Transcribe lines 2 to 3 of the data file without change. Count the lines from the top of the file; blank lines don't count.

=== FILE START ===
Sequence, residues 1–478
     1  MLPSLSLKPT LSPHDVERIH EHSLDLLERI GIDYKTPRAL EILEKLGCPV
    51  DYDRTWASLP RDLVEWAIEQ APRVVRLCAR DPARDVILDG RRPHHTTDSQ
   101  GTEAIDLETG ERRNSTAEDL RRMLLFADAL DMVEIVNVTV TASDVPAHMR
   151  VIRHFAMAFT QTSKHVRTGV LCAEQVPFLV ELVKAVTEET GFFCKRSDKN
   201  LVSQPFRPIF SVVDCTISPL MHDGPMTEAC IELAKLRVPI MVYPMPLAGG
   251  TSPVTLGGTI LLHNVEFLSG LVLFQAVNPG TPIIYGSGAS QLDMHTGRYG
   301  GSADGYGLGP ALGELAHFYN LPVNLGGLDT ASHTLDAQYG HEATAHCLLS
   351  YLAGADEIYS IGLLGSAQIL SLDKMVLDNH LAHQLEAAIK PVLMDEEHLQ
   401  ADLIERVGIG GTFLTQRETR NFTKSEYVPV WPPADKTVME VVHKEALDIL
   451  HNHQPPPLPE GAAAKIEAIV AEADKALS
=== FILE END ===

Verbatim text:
     1  MLPSLSLKPT LSPHDVERIH EHSLDLLERI GIDYKTPRAL EILEKLGCPV
    51  DYDRTWASLP RDLVEWAIEQ APRVVRLCAR DPARDVILDG RRPHHTTDSQ